So many lovely things came with this month for me. Some of them are works of art and media; let’s talk about them!
- “Perfect” and “Hearts Don’t Break Around Here” by Ed Sheeran. I never really got on the Ed Sheeran train, but I’ve been trying to listen to the new albums the people around me get excited about, and his latest is one of them. I definitely understand why he’s so widely loved. While there are occasional things content-wise that bother me (aka romanticizing excessive drinking/clubbing), he is a wonderfully genuine songwriter and I think he meets a generation where they are in a lovely way. I’m sharing my two favorites from the album. The man can write a love song.
- I’ve also been listening to Ed Sheeran’s older song “Kiss Me.”
- “Call Me Out” by Sarah Close. Happened upon it and immediately put it on repeat all day. Chill and a jam at the same time.
- “Falling Into You” by Hillsong Young & Free. Dancey and positive. “I wanna love you like you love me…”
- “Dreaming With a Broken Heart” by John Mayer. Yeah, I’ve mentioned John Mayer every month this year; his new album comes out next month so he’ll probably be in that one, too. Deal with it.
- Mat Kearney’s version of “Dancing In The Dark.” Wrap up in a blanket, close your eyes, and lean into this one. His version brings out the sadness behind the desperate words.
- Lindsey Stirling’s “Brave Enough” album. Violin + dubstep/electronic vibes + a good handful of talented guests + exploring love and loss = a stunning album I should not have waited so long to lend my ear to. My favorites from it are “Brave Enough (ft. Christina Perri)” “Those Days (ft. Dan + Shay)” “Gavi’s Song” and “Love’s Just a Feeling (ft. Rooty)” (also, definitely watch the music video; it’s unique and sweet and tells a huge story in under four minutes, and was what got me to listen to the full album).
- Jetty Rae’s “Can’t Curse The Free” album. Her voice is one of my favorites, period; she manages to do so much with it. I enjoy her organic style interlaced with the beautiful melodies and poetic, honest songwriting. My favorite from her latest album is “The River” (stunning songwriting), but I also love “Can’t Curse The Free” “Another Town” and “Coast to Coast.”
- “Diazepam” by Turnover. An interesting story inside an infectious song. I really like the 70s/90s soft rock vibe that carries it.
- Andrew Belle. Basically everything by him. I love the entire “Black Bear” album, and his single “Dive Deep” is amazing, too. He can combine feel-good tunes with a perfect amount of moodiness, and I think it’s unique and lovely.
- “The Best Things in Life Are Free” by Sam Cooke. I’m learning that classic big band music is one of my favorite genres out there! This short and sweet recording gets me every time. His voice is killer.
If your music taste is all over the place like mine and you want to listen to every song I’ve talked about today, I have a playlist on YouTube and on Spotify. I use this playlist for the whole year, so the latest additions will be near the bottom.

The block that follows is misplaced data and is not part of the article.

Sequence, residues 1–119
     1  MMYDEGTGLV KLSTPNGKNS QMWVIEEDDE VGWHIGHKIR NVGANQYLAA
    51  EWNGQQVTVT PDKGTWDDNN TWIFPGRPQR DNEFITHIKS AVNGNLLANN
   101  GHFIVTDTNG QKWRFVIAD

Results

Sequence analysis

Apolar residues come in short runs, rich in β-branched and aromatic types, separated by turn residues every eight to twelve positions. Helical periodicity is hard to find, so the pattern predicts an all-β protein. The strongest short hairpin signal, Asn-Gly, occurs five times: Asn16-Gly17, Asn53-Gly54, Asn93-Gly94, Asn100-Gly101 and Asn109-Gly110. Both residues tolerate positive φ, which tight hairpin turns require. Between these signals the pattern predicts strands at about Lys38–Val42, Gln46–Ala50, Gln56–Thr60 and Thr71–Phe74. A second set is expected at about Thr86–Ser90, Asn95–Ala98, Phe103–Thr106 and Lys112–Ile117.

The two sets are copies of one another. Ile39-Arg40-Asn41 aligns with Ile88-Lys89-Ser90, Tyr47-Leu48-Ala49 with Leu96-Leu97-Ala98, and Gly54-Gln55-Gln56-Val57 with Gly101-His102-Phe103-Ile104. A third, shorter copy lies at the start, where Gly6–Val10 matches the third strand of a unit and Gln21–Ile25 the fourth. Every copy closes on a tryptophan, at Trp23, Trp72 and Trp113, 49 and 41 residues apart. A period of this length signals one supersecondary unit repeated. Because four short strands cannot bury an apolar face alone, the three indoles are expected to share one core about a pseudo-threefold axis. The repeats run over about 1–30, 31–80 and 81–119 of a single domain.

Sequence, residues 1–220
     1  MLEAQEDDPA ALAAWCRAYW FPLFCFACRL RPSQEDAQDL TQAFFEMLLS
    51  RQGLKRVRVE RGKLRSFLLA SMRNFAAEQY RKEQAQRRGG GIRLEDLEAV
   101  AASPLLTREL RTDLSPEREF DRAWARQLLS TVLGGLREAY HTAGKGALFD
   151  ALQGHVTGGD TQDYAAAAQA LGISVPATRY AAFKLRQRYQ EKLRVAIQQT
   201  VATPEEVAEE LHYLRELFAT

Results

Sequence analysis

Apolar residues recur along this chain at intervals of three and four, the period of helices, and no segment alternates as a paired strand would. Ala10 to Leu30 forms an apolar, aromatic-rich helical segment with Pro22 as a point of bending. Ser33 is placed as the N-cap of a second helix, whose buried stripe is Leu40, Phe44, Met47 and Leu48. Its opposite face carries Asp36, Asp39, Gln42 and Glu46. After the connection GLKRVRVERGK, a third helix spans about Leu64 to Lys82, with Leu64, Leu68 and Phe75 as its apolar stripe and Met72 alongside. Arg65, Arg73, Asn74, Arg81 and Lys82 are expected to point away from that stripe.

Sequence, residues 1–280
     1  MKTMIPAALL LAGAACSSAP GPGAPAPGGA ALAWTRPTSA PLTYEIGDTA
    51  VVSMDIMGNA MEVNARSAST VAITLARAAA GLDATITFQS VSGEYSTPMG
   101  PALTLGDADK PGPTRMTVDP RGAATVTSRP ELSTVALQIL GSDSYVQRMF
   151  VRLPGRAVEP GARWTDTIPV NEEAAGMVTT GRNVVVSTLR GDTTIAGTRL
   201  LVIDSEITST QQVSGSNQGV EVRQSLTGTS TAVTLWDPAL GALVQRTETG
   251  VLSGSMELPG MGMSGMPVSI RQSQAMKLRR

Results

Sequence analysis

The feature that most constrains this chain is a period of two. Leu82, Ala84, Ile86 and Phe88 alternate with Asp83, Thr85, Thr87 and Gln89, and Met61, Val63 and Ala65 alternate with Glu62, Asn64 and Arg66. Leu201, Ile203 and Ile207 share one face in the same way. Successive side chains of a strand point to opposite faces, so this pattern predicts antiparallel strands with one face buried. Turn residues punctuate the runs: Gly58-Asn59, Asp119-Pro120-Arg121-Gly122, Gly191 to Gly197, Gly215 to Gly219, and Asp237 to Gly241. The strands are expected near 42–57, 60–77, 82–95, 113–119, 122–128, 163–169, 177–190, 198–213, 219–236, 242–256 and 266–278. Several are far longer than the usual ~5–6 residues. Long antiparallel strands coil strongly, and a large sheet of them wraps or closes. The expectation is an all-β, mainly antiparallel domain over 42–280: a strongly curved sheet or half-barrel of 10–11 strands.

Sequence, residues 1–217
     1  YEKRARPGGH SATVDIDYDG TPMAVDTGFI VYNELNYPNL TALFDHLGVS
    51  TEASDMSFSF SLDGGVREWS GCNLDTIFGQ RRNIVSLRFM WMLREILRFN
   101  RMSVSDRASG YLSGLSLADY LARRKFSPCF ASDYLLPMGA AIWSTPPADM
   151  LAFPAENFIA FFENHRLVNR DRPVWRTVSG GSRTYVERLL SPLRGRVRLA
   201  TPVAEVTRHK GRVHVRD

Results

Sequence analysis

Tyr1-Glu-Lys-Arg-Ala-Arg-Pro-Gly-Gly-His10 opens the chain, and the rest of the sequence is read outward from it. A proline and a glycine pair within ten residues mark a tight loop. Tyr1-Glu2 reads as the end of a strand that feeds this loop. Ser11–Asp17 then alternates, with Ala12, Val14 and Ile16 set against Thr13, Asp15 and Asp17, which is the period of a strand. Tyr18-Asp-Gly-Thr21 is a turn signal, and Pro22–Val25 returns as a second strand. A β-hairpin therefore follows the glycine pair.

- Dinotopia: The Series. My favorite show from middle school. It’s so cheesy and cringey but the nostalgia still makes it super enjoyable for me. I also still kind of want to live there.
- Sho Baraka’s response to being removed from Lifeway Christian Bookstores. So well stated and respectful. Ironically, this situation is what led me to listen to his album, and I think it’s pretty powerful.
- Doctor Strange. I had no prior knowledge of his story– and now I think it’s so cool. The process of becoming humbled and looking outside himself was a treat to see unfold. Plus, the film is visually intricate and engrossing, and it’s a superhero movie in my beloved Marvel universe, and it’s just… cool!
- “What’s On My Head? Challenge (ft Mayim Bialik)” on Good Mythical Morning. So freaking funny. “Is it one of those, like… chefs?”
- Andrew Garfield holding a baby while on the set on Amazing Spider-Man 2. Because why I would not watch this if it exists?
- Father of The Bride. Ridiculous yet heartwarming.
- “Hoping for an Airport Reunion: One Refugee Family’s Story.” We need these stories to be shared everywhere. We need everyone to know the facts and humanity behind the refugee crisis.
- Designated Survivor. It just returned this month after a winter hiatus, and the suspense is still high for me.
- That Thing You Do. Super cute and witty film about a rock band finding stardom in the early sixties. Tom Hanks is a favorite of mine and he’s great in it.
- “What Winter Feels Like” by SoSonia on SoulPancake. I have friends who deal with seasonal affective disorder; hearing these words from that perspective was inspiring.
- Moana. I didn’t have expectations for it, really; I tend to be cynical about things that have a lot of hype. But I ended up loving this film. Beautiful music, fun characters, and inspiring lessons about being fully present in the powerful person you are.